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As the title says: Can activated charcoal be used to filter bacteria out of air and or gas?

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closed as off-topic by Tyberius, Todd Minehardt, aventurin, A.K., DrMoishe Pippik Jun 21 '18 at 20:43

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  • $\begingroup$ It is probably a bad idea: activated carbons have most of its porosity mainly in micropores (channels smaller than 2 nm) and some have mesopores (between 2 and 40 nm). Bacteria are much larger than this. $\endgroup$ – Nando Jun 23 '18 at 16:04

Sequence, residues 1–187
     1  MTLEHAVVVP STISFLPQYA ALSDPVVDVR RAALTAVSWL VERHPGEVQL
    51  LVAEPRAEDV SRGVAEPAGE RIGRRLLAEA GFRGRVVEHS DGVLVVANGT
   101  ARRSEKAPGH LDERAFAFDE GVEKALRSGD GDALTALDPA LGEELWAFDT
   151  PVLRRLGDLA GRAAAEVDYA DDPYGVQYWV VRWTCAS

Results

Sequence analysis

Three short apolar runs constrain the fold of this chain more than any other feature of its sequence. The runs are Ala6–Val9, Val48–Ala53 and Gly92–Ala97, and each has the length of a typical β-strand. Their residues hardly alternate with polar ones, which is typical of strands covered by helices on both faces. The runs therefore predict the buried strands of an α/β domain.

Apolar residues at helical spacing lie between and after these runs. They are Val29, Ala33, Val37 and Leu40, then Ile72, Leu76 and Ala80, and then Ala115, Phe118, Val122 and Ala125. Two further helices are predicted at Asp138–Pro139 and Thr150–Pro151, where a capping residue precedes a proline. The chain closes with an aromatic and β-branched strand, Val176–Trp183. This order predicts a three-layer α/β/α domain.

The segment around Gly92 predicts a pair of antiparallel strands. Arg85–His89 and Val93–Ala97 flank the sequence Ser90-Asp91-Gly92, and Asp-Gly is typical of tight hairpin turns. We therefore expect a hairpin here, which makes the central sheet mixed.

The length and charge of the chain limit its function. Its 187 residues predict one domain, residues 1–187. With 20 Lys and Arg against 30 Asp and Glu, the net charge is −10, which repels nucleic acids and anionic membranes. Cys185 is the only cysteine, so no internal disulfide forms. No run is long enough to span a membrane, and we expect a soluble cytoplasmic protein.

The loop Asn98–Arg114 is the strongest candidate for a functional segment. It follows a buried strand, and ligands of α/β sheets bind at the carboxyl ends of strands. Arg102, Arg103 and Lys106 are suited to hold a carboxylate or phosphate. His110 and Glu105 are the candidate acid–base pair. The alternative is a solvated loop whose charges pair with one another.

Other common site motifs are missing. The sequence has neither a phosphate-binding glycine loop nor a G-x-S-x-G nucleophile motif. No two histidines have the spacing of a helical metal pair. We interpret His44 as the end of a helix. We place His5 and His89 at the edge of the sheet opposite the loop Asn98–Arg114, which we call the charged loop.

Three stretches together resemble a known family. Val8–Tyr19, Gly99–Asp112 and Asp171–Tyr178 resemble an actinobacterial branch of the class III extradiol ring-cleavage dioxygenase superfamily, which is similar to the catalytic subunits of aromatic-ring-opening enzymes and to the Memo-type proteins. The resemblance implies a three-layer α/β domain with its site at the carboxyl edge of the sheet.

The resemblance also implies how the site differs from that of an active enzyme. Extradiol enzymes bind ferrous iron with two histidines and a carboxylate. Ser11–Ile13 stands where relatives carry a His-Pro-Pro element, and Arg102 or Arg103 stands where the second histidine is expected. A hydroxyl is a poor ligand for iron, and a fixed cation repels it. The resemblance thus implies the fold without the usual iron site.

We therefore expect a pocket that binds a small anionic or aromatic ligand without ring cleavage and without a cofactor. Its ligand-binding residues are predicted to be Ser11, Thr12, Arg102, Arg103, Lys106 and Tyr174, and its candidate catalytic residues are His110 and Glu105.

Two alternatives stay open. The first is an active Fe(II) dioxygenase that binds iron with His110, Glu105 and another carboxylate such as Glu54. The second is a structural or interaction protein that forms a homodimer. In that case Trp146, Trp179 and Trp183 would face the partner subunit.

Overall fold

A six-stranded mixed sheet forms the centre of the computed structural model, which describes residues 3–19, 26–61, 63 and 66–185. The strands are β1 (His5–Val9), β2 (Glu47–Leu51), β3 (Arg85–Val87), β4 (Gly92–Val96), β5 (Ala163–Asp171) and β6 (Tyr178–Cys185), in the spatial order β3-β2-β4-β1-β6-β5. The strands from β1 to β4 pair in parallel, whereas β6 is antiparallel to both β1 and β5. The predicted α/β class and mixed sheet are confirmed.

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Activated charcoal has been shown to be able adsorb certain species of bacteria, but the effectiveness varies between species [1] (which is potentially useful for medical applications), and has not been tested for many, so it is unlikely that activated charcoal could be used to adsorb all the bacteria from the air or a gas.

Activated charcoal general usage is in the adsorption of toxins.

[1] Naka, Katsumi, et al. "Adsorption effect of activated charcoal on enterohemorrhagic Escherichia coli." Journal of Veterinary Medical Science 63.3 (2001): 281-285.

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